I learned a lot about Muhammad Ali in the wake of his death a few weeks back. His fighting record was stellar, and there are so many wonderful photos of Ali with other geniuses who all saw him as The Greatest, but he’s the most important sportsman of all time because he changed the game and changed the world.
I perhaps learned less so watching Michael Mann’s “Ali,” a frustratingly long and meandering biopic with only some strong performances and fight cinematography to back it up.
Most biopics of this pedigree would feel the need to start in Ali’s childhood and work its way up through his late in life Parkinson’s. Mann resists that urge and focuses strictly on his time as a fighter, both in the ring and as a warrior for civil rights, his religion and the war. And yet you could make a movie that dialed closely on any one of these moments. If Malcolm X can get his own film then so can his relationship with Ali. You could make an entire Frost v. Nixon style movie based solely around Ali’s interviews with Howard Cosell. The discrepancy between their on-camera squabbles and off-camera chemistry could make a great comedy.
But by the time “Ali” arrives in Africa for the fight with George Foreman, not to mention the late-to-the-party introduction of yet another one of his wives, the compelling conflict and intricate drama of Vietnam and the Civil Rights movement feels so far in the rearview mirror. We know the outcome of the fight, and the original tension the movie spent the first hour plus establishing has vanished.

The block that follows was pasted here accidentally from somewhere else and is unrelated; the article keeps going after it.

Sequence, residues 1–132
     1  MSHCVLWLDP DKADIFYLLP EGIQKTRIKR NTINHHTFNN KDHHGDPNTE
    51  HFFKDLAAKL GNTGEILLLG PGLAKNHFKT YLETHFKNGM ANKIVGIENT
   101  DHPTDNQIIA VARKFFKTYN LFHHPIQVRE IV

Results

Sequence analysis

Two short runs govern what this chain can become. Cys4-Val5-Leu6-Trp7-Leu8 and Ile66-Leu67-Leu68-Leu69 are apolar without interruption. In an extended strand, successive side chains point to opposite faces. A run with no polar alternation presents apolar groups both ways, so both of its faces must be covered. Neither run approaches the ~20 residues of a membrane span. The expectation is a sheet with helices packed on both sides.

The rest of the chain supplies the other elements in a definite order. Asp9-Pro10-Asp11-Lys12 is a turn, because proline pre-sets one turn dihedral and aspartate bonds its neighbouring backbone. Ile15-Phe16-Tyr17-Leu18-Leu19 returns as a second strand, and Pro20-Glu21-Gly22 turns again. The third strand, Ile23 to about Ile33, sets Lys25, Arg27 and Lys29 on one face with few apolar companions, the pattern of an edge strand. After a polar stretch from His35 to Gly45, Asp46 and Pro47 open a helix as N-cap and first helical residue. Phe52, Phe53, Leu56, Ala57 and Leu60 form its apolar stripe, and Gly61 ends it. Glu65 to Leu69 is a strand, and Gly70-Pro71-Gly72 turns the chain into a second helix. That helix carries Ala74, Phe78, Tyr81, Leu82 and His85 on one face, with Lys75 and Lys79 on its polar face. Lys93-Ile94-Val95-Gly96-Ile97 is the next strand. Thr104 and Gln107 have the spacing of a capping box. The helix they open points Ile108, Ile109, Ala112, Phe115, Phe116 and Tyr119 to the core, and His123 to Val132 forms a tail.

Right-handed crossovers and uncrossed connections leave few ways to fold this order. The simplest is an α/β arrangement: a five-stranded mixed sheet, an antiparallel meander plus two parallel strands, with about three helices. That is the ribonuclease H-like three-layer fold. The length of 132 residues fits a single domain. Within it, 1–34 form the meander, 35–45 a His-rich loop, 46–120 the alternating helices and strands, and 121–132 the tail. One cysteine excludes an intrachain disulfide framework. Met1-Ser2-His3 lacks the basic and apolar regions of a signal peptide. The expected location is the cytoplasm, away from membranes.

So much of “Ali” hangs on Will Smith’s charisma in the role. It’s all in the mannerisms, the footwork, the bobbing and weaving, the physicality of his performance. When he’s being interviewed you can see his dramatic shift in posture, with his legs spread wide and a new cadence and rhythm to his voice. In the more dramatic scenes its his ability to get lost in a deep stare under heavy eyebrows and a gigantic forehead. Smith just fits the part better than anyone else could, and it’s arguably his best performance.
“Ali” wouldn’t be the first biopic to have a stellar lead performance and little else going for it. I said as much about “Chaplin” just this past week. But it’s amazing how in the film’s first hour, it genuinely floats like a butterfly and stings like a bee, streamlining Ali’s life moments, his energy and his legacy all around those pivotal fights. It’s just by the end it’s moving so slowly it hardly resembles a champion.